I'm sorry nobody else is jumping in, as I'm no RAM master. :oops: However, I hear that Kingston typically makes very stable memory, so I looked around their website and found something that operates at 1.8v, you might be able to use if you want to spring for it:

    And I couldn't find it at, but here are some links to some other vendors that are (?) up in the ye old north:

    Canada RAM
  6. No you don't.

    As single 2.2 V DIMM will boot at 1.8 V fine.
    Two of them on the other hand....

    So what you do is:
    1) Install 1 DIMM
    2) Set VDIMM to 1.9 - 2.2 Volts
    3) Save BIOS & Power off
    4) Install 2nd DIMM in Dual-Channel enabling slot
    5) Cold boot with 2 x DIMMs at the certified VDIMM

    It isn't that hard.

    I needed to do this to get my G.Skill DDR2-800 (PC2-6400) [black heatspreader / EMI shield] to work at 2.1 [Volts] VDIMM.

    It is standard procedure when overclocking and/or building a 'tweaked' rig.

    On the Gigabyte GA-965P-S3 you should be able to see, under MIT in the BIOS main menu (failing that Try Ctrl+F1 or Ctrl+F6 at main menu, then recheck sub menu) an option to increase VDIMM up to 2.1 Volts (at least).

    I run the GA-965P-DQ6, the BIOS is almost identical, but the VRM options I have are more granular (eg: +/- 0.05 Volts vs +/- 0.1 Volts).

    I'd recommend 1.95 Volts if possible on VDIMM for 1.9 - 2.0 Volt Corsair though - regardless.

    You could just download the manual (PDF) for the Gigabyte GA-965P-S3 and see what it supports.
  7. Ah, my bad. So you don't need a "special" stick to boot up at 1.8v in order to get into the BIOS that first time? I can't remember where I heard that, but I seem to have it stuck in my memory somewhere. :?
  8. Even so having a really cheap (read: lowest capacity) DIMM available with very short timings at the standard voltage (1.8 VDIMM for DDR2) on hand is always useful.

    Although holding [Insert] during a cold boot often has the same effect (eg: If you push timings so hard the PC can not POST, or voltage is too low, etc).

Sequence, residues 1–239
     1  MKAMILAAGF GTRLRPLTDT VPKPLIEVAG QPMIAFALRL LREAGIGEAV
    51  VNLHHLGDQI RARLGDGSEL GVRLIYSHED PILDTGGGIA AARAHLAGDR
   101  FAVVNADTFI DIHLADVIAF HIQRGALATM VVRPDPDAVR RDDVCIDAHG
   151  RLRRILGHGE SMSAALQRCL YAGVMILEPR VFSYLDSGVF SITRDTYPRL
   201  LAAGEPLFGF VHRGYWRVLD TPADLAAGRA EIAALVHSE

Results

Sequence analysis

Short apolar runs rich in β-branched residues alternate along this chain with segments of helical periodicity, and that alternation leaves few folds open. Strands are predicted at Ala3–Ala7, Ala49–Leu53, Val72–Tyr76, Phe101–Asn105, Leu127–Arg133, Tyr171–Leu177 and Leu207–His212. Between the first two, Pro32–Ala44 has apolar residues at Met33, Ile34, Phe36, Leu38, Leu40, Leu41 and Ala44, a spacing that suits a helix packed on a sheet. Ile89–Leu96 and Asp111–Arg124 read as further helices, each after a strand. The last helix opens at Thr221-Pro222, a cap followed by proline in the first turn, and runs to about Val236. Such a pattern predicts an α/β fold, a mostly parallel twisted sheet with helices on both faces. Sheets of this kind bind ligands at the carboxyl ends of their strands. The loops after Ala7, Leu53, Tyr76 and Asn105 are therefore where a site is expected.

Pretty much every RAM stick on the market will boot if installed in Slot DIMM1, by itself, regardless of voltage.

    However I would not install an OS while running 1 DIMM at sub-standard voltage, files would get corrupt in transit (from media to ram to disk).

    .... thus the procedure.
  9. I read the manual, and it says it has an option ("DIMM OverVoltage Control") to increase voltage by +0.1V to +0.6V.

    It didn't say what the maximum supported voltage is though.

    TabrisDarkPeace: Why is 1.95V better if the RAM requires 1.9V ?

    Thanks for everyone's help - I really appreciate it! :D
  10. +0.1 to +0.6 V means it can run at:

    1.8 Volts = The default for DDR2
    1.9 Volts = + 0.1
    2.0 Volts = +0.2
    2.1 Volts = +0.3
    2.3 Volts = +0.4
    2.4 Volts = +0.5
    2.5 Volts = +0.6

    It is better to run 1.9 Volt rated RAM at 1.95 Volts, since it is normally rated as 1.9 to 2.0 Volts, ie: 1.95 Volts +/- 0.05 Volts.

    However most mainboard manufacturers calibrate 1.90 Volts as closer to 1.93 Volts anyway, since it makes the board look more overclockable and thus increases sales.
  11. oooooooooh i see.

    thank-you so much for the help! :P :D
  12. Hello everyone, i'm from India, & i've bought this Intel DG965WH Motherboard & 1GB Corsair RAM (DDR2 Twin2X1024A-6400 800MHz / CM2X512A-6400) from USA.(thru a frnd)

    but after some re-searching in Intel's site, i came to know that DG965WH mobo supports upto 1.8Volts, & this 512x2 Sticks are @ 1.9Volts.

    So can you guys please help me in resolving this issue.

    please guys, i'm a noob when it comes to BIOS & tweaking stuffs. please provide me HELP with step by step procedure.

    i cannot return this RAM sticks, coz it'll take another 2-3months.

    if you guys need any further info on this(RAM model...), please tell me